The European Union on Monday set up a new sanctions mechanism targeting those who use and develop chemical weapons, as part of a crackdown in the wake of the Skripal attack.
The framework gives the EU the power to impose restrictive measures on anyone identified as being involved in the development or deployment of chemical weapons, regardless of their location or nationality.
Fears have been growing among world powers that the century-old taboo on the use of chemical weapons is being eroded, following the nerve agent attack on a former Russian spy in the United Kingdom and repeated uses of gas and banned substances in the Syrian conflict.
EU foreign ministers meeting in Luxembourg agreed to the new measures, which will freeze the assets held in the block by targeted individuals and organizations and ban them from traveling to any of the 28 member states.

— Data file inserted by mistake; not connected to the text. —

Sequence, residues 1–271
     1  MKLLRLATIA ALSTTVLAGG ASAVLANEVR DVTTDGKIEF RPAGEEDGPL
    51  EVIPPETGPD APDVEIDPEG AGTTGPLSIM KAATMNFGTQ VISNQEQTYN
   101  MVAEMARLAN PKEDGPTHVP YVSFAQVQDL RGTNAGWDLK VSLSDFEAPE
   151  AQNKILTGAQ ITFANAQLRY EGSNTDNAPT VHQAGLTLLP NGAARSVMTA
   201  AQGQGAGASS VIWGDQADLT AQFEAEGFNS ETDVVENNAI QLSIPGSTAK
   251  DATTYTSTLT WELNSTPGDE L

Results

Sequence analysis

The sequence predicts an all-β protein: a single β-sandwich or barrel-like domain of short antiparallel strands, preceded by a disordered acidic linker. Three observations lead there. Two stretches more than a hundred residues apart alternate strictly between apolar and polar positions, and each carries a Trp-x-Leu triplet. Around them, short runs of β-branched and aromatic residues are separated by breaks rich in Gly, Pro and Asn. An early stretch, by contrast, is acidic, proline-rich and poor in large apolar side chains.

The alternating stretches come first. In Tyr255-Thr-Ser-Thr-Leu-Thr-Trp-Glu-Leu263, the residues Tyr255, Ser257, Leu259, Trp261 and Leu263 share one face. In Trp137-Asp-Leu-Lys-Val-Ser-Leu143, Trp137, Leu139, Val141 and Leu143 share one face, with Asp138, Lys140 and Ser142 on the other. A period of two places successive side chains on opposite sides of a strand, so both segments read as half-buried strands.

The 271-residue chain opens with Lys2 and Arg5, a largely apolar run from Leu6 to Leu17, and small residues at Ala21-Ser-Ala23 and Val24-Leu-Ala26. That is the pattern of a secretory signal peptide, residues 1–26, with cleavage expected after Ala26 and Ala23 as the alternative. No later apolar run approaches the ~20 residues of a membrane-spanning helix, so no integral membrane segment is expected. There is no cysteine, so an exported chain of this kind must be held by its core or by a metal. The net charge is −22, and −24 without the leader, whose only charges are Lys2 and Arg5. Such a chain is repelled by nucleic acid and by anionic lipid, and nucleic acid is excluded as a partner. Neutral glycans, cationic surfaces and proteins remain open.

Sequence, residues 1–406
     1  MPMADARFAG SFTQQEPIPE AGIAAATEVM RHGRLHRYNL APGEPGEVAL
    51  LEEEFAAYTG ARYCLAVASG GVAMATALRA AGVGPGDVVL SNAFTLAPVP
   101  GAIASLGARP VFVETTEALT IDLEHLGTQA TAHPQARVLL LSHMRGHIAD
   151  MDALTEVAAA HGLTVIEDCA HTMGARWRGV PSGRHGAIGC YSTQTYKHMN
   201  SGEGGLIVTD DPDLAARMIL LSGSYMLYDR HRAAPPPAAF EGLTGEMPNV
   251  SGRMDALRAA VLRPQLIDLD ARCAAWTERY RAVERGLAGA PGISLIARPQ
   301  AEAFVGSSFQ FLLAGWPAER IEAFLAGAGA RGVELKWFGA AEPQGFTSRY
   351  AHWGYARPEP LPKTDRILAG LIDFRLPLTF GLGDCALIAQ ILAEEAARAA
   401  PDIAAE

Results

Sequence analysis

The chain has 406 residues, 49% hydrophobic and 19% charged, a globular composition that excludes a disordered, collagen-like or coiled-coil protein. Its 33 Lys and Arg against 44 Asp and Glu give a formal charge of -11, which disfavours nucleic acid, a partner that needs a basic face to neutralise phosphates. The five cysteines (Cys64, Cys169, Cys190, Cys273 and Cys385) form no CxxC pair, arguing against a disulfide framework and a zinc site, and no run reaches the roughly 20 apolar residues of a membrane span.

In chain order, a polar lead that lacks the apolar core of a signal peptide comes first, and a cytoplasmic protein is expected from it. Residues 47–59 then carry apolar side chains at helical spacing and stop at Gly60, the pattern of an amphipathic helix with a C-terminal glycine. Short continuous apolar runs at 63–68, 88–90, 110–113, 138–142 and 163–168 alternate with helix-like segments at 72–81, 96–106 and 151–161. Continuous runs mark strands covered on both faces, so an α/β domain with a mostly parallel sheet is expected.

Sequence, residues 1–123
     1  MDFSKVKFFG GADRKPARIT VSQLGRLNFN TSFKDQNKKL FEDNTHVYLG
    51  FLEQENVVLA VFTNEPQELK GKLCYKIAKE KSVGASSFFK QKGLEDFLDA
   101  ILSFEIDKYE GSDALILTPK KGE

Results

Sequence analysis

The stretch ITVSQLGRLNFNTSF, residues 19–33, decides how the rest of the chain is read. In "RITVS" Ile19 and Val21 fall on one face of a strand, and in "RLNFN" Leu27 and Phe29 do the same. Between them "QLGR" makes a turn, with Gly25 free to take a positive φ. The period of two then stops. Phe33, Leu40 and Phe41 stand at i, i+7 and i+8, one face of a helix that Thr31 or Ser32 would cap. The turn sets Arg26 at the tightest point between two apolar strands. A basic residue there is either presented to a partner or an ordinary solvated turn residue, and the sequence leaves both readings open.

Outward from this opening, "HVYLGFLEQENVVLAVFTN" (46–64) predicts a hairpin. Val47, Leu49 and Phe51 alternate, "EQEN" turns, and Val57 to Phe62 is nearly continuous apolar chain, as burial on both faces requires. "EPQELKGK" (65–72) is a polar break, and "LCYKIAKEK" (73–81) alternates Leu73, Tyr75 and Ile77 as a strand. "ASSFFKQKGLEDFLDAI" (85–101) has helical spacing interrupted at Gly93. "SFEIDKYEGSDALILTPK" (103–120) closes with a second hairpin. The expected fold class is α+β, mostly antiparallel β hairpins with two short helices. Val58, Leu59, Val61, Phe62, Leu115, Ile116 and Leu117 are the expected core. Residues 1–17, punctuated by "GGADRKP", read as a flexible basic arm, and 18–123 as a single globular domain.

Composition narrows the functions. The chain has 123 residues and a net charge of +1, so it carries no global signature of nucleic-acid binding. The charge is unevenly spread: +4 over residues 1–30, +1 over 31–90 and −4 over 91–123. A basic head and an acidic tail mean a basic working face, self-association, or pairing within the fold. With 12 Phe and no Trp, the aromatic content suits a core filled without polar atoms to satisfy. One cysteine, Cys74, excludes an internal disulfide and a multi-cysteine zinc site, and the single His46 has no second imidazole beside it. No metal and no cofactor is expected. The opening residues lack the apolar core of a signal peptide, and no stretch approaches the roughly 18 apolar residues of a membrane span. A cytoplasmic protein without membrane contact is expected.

"The restrictive measures target persons and entities who are directly responsible for the development and use of chemical weapons as well as those who provide financial, technical or material support, and those who assist, encourage or are associated with them," the European Council, which groups the member states, said in a statement.
"This decision contributes to the EU's efforts to counter the proliferation and use of chemical weapons which poses a serious threat to international security."
While Monday's decision sets up the framework to impose restrictive measures, for the moment no individuals or organizations have been sanctioned. Decisions on this will be taken at a later date.
The targeting of former Russian spy Sergei Skripal and his daughter by a Soviet-designed chemical agent called Novichok in the English town of Salisbury in March caused outrage around the world.
Investigative journalists have identified two suspects named as wanted by British police as agents of Russia's GRU military intelligence, though Moscow denies involvement.